One has to note that the content and learning objectives should be written down in greater detail for teaching purposes, but in designing the test blueprint they should be grouped in major categories. While creating the test blueprint it is preferable to have 8 - 14 sections and 3 - 7 domains. The simple way to work out the correct number of sections and domains is to first decide the number of test items in the exam. Ideally, the number of cells in the test blueprint which are created in the spreadsheet of the test blueprint should not exceed 70% of the proposed number of items for that exam. This means that if an exam paper shall contain 100 items and the number of sections is 15, the number of domains should be approximately four giving the total number of cells in the blueprint matrix of 60, 60% of the total number of questions required for the exam. This will allow an appropriate representation of the content as compared to the test blueprint having 25 sections and six domains which might result in the production of an exam with no representation of the various subject matter areas.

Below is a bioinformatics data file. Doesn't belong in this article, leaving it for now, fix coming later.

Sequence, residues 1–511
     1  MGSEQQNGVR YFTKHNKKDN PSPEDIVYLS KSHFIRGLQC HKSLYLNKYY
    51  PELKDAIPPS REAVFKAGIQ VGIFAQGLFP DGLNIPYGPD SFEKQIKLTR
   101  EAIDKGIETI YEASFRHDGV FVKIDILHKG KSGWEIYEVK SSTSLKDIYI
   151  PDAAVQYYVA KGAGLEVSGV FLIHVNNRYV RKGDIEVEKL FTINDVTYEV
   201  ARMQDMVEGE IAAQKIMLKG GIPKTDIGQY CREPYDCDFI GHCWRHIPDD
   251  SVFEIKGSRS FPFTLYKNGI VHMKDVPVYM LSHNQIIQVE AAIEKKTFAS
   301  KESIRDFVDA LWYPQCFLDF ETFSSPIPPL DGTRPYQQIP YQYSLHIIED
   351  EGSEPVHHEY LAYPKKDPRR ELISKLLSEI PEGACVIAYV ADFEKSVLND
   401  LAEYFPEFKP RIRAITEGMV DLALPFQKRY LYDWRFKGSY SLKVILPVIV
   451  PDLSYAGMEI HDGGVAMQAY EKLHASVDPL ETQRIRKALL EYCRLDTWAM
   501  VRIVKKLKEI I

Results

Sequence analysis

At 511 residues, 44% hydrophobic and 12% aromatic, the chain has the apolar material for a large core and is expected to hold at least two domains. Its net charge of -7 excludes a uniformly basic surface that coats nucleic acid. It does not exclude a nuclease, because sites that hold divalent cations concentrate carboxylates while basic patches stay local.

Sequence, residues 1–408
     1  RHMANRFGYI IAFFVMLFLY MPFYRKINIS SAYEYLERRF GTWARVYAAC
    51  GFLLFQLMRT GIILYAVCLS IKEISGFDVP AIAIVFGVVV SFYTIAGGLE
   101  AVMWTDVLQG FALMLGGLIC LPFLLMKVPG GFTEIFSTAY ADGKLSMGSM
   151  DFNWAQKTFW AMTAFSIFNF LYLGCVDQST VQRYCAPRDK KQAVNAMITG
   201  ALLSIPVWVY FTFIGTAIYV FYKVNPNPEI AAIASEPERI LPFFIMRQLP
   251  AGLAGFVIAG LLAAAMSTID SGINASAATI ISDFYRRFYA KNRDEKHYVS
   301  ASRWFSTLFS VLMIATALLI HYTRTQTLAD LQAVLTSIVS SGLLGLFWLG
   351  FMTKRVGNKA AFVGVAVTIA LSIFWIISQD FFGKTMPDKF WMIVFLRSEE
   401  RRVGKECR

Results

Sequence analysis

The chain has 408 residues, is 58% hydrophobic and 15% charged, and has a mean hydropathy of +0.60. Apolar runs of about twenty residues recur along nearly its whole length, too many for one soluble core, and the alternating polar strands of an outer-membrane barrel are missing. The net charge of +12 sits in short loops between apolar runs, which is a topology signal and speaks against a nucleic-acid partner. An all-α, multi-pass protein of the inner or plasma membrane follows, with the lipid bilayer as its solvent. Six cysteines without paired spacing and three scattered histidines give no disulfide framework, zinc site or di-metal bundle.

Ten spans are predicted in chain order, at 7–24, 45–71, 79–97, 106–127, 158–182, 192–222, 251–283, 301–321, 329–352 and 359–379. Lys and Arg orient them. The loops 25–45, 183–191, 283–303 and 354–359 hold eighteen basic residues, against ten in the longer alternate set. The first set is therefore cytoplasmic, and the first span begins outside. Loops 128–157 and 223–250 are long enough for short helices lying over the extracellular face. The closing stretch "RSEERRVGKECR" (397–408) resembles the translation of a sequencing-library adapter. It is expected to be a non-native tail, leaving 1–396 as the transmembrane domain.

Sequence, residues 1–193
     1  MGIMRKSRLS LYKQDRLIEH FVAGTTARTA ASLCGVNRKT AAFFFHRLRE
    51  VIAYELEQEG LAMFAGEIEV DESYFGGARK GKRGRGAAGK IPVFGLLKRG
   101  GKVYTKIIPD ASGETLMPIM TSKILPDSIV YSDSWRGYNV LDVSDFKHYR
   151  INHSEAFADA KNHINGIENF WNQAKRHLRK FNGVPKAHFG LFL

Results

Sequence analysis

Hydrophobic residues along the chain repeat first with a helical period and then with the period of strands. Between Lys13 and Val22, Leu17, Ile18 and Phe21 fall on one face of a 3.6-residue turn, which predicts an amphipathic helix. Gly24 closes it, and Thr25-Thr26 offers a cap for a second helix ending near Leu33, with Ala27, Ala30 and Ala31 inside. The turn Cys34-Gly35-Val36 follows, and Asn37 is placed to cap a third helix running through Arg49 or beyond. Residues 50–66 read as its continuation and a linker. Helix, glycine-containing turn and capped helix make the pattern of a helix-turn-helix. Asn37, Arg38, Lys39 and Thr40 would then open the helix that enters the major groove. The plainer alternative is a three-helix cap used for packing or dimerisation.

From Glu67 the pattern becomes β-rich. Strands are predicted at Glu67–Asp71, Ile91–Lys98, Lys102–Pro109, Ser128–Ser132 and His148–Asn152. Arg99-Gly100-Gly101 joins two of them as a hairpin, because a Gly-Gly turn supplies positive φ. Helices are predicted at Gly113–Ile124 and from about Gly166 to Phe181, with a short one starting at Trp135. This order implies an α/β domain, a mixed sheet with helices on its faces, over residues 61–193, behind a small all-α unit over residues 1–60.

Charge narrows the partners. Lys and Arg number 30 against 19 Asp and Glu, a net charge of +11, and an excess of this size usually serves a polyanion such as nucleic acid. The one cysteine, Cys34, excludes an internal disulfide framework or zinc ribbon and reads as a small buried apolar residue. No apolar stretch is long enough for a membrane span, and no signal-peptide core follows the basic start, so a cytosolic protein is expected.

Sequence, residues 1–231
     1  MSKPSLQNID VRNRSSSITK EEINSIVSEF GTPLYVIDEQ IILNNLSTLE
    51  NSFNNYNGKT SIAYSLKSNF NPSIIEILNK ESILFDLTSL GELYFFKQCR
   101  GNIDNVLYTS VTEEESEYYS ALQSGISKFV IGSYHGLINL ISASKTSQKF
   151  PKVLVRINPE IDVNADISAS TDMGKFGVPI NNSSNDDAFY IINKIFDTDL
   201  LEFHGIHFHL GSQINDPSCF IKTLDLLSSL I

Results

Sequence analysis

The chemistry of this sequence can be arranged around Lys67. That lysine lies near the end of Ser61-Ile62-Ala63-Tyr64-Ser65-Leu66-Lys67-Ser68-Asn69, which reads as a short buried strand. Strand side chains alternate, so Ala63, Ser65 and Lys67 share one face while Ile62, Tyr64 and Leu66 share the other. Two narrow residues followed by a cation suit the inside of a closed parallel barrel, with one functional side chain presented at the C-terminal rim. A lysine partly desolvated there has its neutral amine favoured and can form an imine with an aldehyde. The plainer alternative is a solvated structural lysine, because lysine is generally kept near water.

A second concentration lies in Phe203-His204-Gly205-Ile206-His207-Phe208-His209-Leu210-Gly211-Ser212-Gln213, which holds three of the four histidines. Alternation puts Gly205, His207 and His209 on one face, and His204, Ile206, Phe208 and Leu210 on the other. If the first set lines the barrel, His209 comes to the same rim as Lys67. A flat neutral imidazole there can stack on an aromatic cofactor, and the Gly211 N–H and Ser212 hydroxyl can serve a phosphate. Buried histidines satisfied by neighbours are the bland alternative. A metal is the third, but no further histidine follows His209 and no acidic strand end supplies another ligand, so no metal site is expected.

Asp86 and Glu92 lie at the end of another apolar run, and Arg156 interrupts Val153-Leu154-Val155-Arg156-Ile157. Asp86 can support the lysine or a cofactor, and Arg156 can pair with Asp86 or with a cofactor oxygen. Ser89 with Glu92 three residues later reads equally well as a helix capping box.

The next step should be assigning the relative weight to each subject matter sections. The number of questions in each cell of the spreadsheet could be determined by a number of factors such as how important each area is and how much time was devoted to each area during instruction. In medicine, one way of assigning relative weight in cells of the spreadsheet is by considering the importance of the area in terms of impact and frequency of related clinical conditions. For instance, the diagnosis of ischaemic heart disease or diabetes mellitus should be assigned more weight than the diagnosis of Gaucher's disease or Takayasu's arteritis. It is important to note that the decision about the total number of items in the exam should be made prior to assigning the relative weights in the cells. It has been reported that to ensure a higher reliability of the exam the number of items should be at least 80 - 100 with an average discrimination of > 0.3. 
|Table 1: Part of a test blueprint, as an example with 3 sections and four domains. In each cell the proportions of items testing low and high cognition are given, K1:K2 |